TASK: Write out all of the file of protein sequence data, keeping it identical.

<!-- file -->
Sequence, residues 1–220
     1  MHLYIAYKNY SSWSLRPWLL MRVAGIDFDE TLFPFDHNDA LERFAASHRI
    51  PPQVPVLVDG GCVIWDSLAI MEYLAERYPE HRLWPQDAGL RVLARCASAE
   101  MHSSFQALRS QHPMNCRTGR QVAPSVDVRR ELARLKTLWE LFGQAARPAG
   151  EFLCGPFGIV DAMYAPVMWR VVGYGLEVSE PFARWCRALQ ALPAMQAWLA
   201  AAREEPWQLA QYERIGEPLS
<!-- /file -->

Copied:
Sequence, residues 1–220
     1  MHLYIAYKNY SSWSLRPWLL MRVAGIDFDE TLFPFDHNDA LERFAASHRI
    51  PPQVPVLVDG GCVIWDSLAI MEYLAERYPE HRLWPQDAGL RVLARCASAE
   101  MHSSFQALRS QHPMNCRTGR QVAPSVDVRR ELARLKTLWE LFGQAARPAG
   151  EFLCGPFGIV DAMYAPVMWR VVGYGLEVSE PFARWCRALQ ALPAMQAWLA
   201  AAREEPWQLA QYERIGEPLS